we need the government to step in

and bail us out.

Agitator: It seems to me that there

used to be a regulation in place that

kept the financial market separated

from the investment market. Banks

were prevented from investing in

high-risk financial markets. Those

safeguards were removed.

Mark: Yes. I think you are talking

about a bill that specifically deregulated

that one sector of banking. But

this is a long-term plight. Beyond

that one bill, we have seen a twenty

or thirty year process of deregulation.

We have institutions that are

supposed to deal with these problems.

This is a crisis of “experts.” The

people who are supposed to bail us

out of this are the very people who

got us into this problem. They are

people who made a ton of money...

The current Treasury Secretary, Paulson,

came out of Goldman Sachs.

He made something like $400 million

when he had to sell his Goldman

stocks to become Treasury Secretary.

He made $400 million, plus his salary,

from this deregulation process.

There is a mandate for a government

response, although some measures

will seem odious to us on the

Left. Now, all that being said, there

are good bailouts and bad bailouts.

Paulson’s initial proposal for $700

billion was a bad bailout—he wanted

the money to dole out as he chose

with no regulations, no strings

attached, no oversight—the same deregulation

mentality that got us into

this mess to begin with, but this time

using public money. The "experts"

got us in trouble, but fortunately ordinary

people said this was a ridiculous

proposal. So, the bailout that

they actually passed was a step in the

right direction.

Anyway, to sum it up, the original

bailout in the United States had

no equity whatsoever. The slightly

improved bailout does have some equity,

so there's some prospect of some

of the $700 billion coming back to us.

However, it didn't give the government

the controlling share.

Agitator: What is the $700 billion

bailout, along with the $800 billion or

so cost of the Iraq war and occupation

going to do to the possibility

of improved social programs in this

country as the next president takes


Mark: Well, it hurts. We have the

bailout; we've seen huge tax cuts for

the wealthy; we've seen runaway

military spending; we've seen the

wars in Afghanistan and Iraq—these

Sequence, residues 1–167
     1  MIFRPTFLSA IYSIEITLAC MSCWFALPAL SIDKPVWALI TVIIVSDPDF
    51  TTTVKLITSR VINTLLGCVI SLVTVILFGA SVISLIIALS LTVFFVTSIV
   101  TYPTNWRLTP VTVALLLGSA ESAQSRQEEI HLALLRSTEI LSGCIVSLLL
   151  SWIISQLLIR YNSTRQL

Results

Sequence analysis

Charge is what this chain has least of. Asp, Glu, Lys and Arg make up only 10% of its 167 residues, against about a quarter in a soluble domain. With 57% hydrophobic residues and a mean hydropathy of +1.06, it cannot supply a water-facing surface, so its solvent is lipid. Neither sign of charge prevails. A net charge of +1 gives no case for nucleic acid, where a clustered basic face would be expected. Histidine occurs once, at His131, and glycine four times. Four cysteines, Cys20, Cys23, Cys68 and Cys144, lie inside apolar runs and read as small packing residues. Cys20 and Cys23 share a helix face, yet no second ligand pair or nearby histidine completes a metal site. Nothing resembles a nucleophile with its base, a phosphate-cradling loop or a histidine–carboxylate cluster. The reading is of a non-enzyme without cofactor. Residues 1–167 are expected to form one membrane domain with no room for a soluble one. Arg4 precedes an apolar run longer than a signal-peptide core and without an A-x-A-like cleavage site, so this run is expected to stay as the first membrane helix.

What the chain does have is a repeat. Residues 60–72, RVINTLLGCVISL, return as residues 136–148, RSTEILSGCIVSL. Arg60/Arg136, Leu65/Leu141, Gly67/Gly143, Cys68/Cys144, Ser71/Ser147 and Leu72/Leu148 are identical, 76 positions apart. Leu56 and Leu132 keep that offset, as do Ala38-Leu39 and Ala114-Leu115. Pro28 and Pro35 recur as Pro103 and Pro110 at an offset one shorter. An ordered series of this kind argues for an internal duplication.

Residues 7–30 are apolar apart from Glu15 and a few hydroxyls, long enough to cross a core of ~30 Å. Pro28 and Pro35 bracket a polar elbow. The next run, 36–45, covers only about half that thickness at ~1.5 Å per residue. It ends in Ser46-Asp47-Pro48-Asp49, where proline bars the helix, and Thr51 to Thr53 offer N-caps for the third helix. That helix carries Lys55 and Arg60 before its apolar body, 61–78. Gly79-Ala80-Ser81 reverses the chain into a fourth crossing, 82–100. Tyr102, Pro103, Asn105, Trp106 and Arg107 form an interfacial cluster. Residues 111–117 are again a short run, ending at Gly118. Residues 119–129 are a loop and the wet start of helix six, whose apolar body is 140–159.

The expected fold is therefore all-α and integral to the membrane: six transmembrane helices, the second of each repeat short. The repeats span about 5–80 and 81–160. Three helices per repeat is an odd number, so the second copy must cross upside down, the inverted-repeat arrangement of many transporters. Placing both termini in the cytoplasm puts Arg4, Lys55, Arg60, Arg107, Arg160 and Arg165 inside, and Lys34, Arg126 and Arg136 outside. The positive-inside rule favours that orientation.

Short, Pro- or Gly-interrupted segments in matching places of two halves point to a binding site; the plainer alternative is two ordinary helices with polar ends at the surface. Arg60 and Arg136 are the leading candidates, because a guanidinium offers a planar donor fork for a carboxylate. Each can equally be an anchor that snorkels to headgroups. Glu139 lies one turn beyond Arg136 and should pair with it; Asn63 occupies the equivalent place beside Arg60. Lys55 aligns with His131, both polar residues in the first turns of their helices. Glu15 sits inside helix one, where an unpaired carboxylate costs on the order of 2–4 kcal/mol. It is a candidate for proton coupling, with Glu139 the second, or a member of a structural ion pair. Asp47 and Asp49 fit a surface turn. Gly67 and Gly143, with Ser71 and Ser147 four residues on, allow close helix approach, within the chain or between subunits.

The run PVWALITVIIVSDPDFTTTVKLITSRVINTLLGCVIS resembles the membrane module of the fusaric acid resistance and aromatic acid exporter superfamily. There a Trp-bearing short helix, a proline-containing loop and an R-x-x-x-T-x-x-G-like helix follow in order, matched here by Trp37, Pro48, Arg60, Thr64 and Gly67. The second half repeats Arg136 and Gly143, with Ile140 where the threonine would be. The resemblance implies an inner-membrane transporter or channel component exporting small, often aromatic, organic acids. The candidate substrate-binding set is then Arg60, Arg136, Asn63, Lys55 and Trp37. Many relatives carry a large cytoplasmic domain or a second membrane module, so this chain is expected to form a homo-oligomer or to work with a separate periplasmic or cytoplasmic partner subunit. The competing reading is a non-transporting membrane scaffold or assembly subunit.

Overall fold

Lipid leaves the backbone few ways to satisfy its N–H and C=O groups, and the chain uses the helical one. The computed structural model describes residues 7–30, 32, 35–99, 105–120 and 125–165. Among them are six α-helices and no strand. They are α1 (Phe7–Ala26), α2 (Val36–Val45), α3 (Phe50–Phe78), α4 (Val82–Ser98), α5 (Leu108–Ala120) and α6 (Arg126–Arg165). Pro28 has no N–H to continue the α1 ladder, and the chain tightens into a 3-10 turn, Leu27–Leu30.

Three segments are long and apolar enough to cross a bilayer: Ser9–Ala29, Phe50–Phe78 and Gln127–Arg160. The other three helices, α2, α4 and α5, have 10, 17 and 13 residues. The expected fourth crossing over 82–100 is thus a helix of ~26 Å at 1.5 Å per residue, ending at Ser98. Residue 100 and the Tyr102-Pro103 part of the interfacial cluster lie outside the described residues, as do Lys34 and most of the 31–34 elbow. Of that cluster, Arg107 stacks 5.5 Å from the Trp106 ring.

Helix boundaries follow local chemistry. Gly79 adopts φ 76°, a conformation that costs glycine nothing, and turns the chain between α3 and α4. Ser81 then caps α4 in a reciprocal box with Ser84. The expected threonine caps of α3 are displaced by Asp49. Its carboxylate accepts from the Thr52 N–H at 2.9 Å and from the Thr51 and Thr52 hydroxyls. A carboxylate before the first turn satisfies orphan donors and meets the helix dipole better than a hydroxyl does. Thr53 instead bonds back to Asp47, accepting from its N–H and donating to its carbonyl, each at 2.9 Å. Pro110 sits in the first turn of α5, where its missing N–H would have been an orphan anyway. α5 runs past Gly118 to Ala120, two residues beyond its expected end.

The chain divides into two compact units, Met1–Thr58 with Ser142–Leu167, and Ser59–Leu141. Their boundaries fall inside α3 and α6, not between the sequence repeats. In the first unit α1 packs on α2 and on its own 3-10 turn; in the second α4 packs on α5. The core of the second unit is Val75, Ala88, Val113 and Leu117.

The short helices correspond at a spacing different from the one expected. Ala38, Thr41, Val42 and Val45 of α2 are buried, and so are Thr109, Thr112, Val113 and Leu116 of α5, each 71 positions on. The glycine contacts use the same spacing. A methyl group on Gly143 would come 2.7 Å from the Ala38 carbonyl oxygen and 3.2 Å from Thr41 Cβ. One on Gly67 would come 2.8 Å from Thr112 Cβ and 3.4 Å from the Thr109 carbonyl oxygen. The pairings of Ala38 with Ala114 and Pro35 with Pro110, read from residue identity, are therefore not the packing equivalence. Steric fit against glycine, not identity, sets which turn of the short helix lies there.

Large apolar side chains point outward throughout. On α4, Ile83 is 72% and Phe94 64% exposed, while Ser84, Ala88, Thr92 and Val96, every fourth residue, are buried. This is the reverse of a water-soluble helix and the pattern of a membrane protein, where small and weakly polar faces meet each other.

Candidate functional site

are things that are rather comparable

when it comes down to crunching

numbers, in the tens and hundreds of

billions of dollars.

Agitator: If not trillions.

Mark: Yes, easily it adds up to trillions.

With $700 billion we could do an

awful lot toward creating a "new

deal" in this country. When we propropose

a $700 billion social investment,

they say there is no money,

we're in debt, the country's in a

deficit, etc. When Wall Street wants

it, when there are wars in Afghanistan

and Iraq, all of a sudden money

becomes available.

What this ultimately illustrates is

that it's a question of priorities more

than economics. The economics

always gets sorted out later. It isn't

a budgetary question, it's a political


Agitator: What do you see as the

best short-term scenario for the future

in the United States.

Mark: As I discuss in my book, the

deregulation policies or market fundamentalism—

all the things that led

to this crisis—are not just a Republican

program. Unfortunately, these

very same policies were pursued by

Clinton in the '90s. Clinton did more

to enhance corporate globalization

than anyone else, and most of Barack

Obama's advisers come from that

same camp. This is very, very frightening

to me.

Agitator: They are essentially neoliberals?

Mark: Exactly. There is a distinction

I make between imperial globalization

and corporate globalization.

There is a tendency to say, especially

in the Bush years, that this is all the

same thing. I think we need a language

to distinguish them.

Agitator: What would your advice

be for people who want to see the

economic change that is necessary

for this country—change that would

provide full employment, good jobs,

and investment in public spending?

Mark: It's very simple: don't just

sit around and think that Obama is

going to do it for you. We have to

get out and organize. It is no mystery

how you organize. It involves going

to meetings, getting together with

people to plan, then act. There are a

hundred ways to do that. Ω